The Art of Serving Spring Produce

May 22, 2016

The Art of Serving Spring Produce

Turnips. Potatoes. Rutabagas. Pears. What do these fruits and vegetables have in common? They’re all so last season, that’s what. Trending now are produce in a rainbow of colors, such as verdant peas, asparagus, and artichokes; orangey apricots, cantaloupe, and nectarines; crimson strawberries; and dark and juicy blueberries.

These peak-season picks are gorgeous unto themselves. But a little dressing up couldn’t hurt. “Spring is all about a new dawn of color and this rebirth should be reflected on the plates you serve. It makes for happy diners,” says Dev Biswal, head chef at The Ambrette in Kent, England.

To make this season’s fresh produce even more stunning and enticing, don’t just serve it, present it. Here’s the dish on the art of food presentation, otherwise known as “plating,” from some of the world’s most creative chefs.

Coax Out Even More Color

To make green spring produce colors pop, use quick cooking techniques, such as stir frying or blanching. In fact, “for green spring vegetables such as peas and fava bean purees, blanching first is a must,” says Bret Macris, the executive chef of Syndicated in Brooklyn, New York. “Just a minute in boiling water and then plunged into an ice bath will keep the chlorophyll in green vegetables vibrant on the plate.”

Go for the Thrill of Grill Marks

Grill marks aren’t just for meat. They can make veggies look tastier too by adding texture. “For instance, grilling avocados, asparagus, and artichokes—and achieving the grill marks—looks better than presenting them raw,” says Admir Alibasic, the executive chef at Ben & Jack’s Steak House in New York City.

Dinner Plate = Backdrop

Showcase spring veggies by serving them on white plates (think white canvas). As a highlight, Biswal recommends adding a contrasting color, such as a sprinkle of parsley or another fresh green herb, or a dollop of goat cheese.

Layer Up 

Classical plating uses a clock face as its model, with the main dish between 3 and 9 o’clock, vegetables between 11 and 3 o’clock and the starch between 9 and 11 o’clock. A more creative approach? “Build your plate in vertical layers to make the same foods look more appetizing,” says Anthony Meidenbauer, executive chef for Block 16 Hospitality in Las Vegas.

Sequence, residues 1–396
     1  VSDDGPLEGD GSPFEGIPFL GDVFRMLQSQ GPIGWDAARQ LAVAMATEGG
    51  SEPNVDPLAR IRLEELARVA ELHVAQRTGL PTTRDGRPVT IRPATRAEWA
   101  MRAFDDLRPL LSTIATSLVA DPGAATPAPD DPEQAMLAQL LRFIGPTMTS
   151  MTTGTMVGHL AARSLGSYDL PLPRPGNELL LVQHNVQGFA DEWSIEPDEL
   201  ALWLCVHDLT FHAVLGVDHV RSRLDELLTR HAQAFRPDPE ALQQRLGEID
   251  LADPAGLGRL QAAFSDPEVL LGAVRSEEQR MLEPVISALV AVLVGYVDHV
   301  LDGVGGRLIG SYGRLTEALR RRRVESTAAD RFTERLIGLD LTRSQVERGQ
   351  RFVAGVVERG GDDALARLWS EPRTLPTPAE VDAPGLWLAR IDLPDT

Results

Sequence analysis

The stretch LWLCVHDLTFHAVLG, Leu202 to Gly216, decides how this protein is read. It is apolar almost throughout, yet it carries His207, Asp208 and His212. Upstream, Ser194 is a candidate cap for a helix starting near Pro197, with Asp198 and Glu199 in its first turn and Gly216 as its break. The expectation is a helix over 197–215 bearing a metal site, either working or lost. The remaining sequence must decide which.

For example, spread a layer of fava bean puree on the plate first, then place a grilled chicken breast in the center and top with watercress or arugula. Bringing height to a dish adds depth to make the final presentation more pleasing, Meidenbauer says. After you’ve layered your spring plate, put the final touches on with a colorful sauce. You can even drizzle some on the actual plate for panache.

Get Creative With Serving Bowls

A fresh fruit salad with peak-season ingredients, such as cut-up cantaloupe, watermelon, kiwi, strawberries, blueberries, and peaches is a stand out, so be sure to serve it in a clear glass serving bowl. “Or be even more creative and serve a fruit salad in a hollowed-out watermelon bowl or slightly frozen grapefruit halves,” Alibasic says.

Think Whole-istically

Fresh strawberries look best whole. Once you cut them up—revealing their white, pithy center—they’re not as pretty. For this reason, Jason Park, the owner and executive chef of Maru in Santa Monica, recommends garnishing desserts with small whole fresh strawberries in lieu of buying larger ones that require slicing.

Likewise, when making a salad, small, whole cherry tomatoes can look more appealing than larger ones that have been halved.

All told, to make your spring plates pretty, know that less is more.

“The number one rule when it comes to plating is to respect the ingredient and present it well,” Park says.

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